Frozen in time

So last night we drove a few hours to Lynchburg from Nashville. With some difficulty, we were able to find a RV park to stay for the night. The temperature was supposed to get pretty chilly overnight so we were hoping for some power to be able to run a heater if we needed to. When we arrived, it was a little late and the office was closed and locked. Now, common sense dictates that you just park in plain sight and go pay early in the morning. The place had 3 other older trailers with a huge open field. Imagine our surprise when we woke up early to find an invoice on our windshield for more $ than stated on the website. They wanted to charge us more because we parked in a site reserved for the bigger vehicles. Umm… really? I’m happy to pay more if we used all the amenities of those larger RV’s like fresh water, electricity, waste disposal ect. but honestly how do you expect us to park in the appropriate space without any signage? Its not like we were taking up the last available space either, the park was practically empty.

Not only was it empty, but it was eerily deserted. The unheated bathrooms had lukewarm hot water, which made for an extremely unpleasant shower on a freezing morning. I also got the feeling someone was watching me – horror movie style, which is not a great way to start your day. When we headed down to the office again in hopes of talking to someone we discovered that the office was still closed; a quick peek into the window reviealed that it has not been used in a while.  Inside you could see a front desk set up just like a hotel with 3 computers lined up and ready for masses of people to check in. This would be fine if there wasn’t junk piled everywhere and dust on everything. The yard in front was not much different. Old tractors, rusted out cars, some furniture and other scrap metal were scattered around. It was almost like the owners just abandoned it one day. The whole place just gave us bad vibes.

Instructions for payment were to put money in the mailbox on the office door.. Mysterious indeed. Someone was definately out there picking up the money, but where they came from to leave invoices on windshields in the early morning and collect cash, who knows. We paid and hauled tail out of there as soon as we possibly could!

Five minutes away was the Jack Daniel’s Whiskey Distillery. We arrived 20 minutes before they had even opened and I started to doubt if I even wanted to stay for the tour.  The horror-movie vibes of the RV place had really creeped me out, and this small town (Lynchburg) is also somewhat stuck in the past with the olde tyme stores in the centre of town. The type of place you wouldn’t think twice about driving through, but a really good setting for the start of a slasher film. Knowing this is completely irrational, my mind got the better of me and I had a huge urge to just keep driving. Mr. logic and reasoning, Andrew, helped convince me we should at least check it out. Which is what we did and I’m happy we stayed. Not only was the tour free, it was really interesting and entertaining. For the first time today I was glad we got a chance to see a little place frozen in time – where they still make Whiskey just like they did in 1866.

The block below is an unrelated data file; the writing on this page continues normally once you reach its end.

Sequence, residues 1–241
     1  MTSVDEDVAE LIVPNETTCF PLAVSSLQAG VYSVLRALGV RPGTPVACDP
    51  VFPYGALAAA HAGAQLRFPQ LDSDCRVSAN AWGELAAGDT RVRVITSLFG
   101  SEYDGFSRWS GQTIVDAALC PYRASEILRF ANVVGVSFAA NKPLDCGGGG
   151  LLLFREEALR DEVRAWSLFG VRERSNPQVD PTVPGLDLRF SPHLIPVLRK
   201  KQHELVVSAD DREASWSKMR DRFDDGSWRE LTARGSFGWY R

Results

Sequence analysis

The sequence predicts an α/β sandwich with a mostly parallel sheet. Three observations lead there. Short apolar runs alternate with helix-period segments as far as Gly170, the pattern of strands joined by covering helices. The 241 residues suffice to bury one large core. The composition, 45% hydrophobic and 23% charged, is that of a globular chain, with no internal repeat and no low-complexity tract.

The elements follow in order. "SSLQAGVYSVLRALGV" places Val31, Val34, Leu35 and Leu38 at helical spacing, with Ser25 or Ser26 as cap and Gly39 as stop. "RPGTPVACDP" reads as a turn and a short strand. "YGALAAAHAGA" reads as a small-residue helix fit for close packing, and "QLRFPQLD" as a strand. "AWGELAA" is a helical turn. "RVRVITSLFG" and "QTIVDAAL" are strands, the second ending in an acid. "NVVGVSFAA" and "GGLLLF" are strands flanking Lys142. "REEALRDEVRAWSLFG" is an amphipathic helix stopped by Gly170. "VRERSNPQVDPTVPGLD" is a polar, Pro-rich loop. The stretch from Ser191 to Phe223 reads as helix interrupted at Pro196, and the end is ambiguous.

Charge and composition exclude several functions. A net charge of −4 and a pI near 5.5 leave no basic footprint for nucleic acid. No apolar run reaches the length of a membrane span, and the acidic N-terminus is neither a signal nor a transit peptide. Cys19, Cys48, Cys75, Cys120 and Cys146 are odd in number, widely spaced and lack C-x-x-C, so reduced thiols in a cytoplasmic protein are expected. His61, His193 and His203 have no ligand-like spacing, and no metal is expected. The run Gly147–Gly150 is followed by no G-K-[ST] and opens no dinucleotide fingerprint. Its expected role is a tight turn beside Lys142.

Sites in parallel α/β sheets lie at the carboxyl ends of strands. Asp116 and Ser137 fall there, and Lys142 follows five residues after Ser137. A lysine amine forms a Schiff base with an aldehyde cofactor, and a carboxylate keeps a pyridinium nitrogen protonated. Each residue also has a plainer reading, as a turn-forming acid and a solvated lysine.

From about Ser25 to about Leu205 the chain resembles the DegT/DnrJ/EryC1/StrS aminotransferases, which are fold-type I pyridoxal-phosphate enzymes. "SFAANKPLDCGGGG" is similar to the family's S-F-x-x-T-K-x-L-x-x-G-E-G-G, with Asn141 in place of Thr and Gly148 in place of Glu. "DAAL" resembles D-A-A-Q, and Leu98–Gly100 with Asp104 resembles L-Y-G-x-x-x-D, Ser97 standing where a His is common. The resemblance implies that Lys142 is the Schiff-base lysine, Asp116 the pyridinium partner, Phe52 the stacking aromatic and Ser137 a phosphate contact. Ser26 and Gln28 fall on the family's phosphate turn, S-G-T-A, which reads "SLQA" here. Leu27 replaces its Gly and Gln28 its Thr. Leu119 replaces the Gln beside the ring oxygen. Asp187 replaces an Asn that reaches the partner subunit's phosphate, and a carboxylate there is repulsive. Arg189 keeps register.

In the rickyard, they make their own charcoal from local sugar maple trees in the Tennessee Hills. This charcoal is used to slowly remove the impurities from the Whisky by slowly dripping it through 10 feet of charcoal over about 5 days.

Jack Daniel founded the distillery on it’s current location because of the iron-free cave spring water that flows all year at the same 57+/- degree temperature. Over all these years it has never run dry and every effort to trace the source of this spring water has never been fully successful.

Mr. Daniel himself guarding his cave. Although when this statue was commissioned to be made it was supposed to be life size. Unfortunately they made him almost half a foot too tall as he was short fellow at 5 foot 2”.

Of course, the world’s supply of JD must be well protected. As you can imagine, the amount of 118 proof whiskey in the several full barrel houses around the property, warrants the two working fire engines on site, as well as an extremely well equipped town fire department.

A couple things we found most interesting:

All the Jack Daniel Whiskey in the world is produced right in Lynchburg, TN. Ironically, the county where JD is produced is what’s known as a ‘dry county’ which means they’re prohibited them from selling hard liquor, including Jack Daniel’s Whiskey.

Everything they need to make their Whiskey (i.e. barrels, charcoal) is handmade on site, and those things they can’t make (i.e. grains) are sourced as locally as possible within the USA. Similarly, anything they’ve used in the process (i.e. grain solids or used barrels) are sold to farmers and wine makers leaving them with little to no waste.

The folks at JD are nice enough to have the whole virtual tour available on their site – if you can’t get out to Tennessee, it’s the next best thing.


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A: Jack Daniel Distillery in Lynchburg, Tennessee
B: Chattanooga, Tennessee

Today’s track: 150 kms | 100 miles

Tomorrow’s plan: Ruby Falls in Chatanooga, TN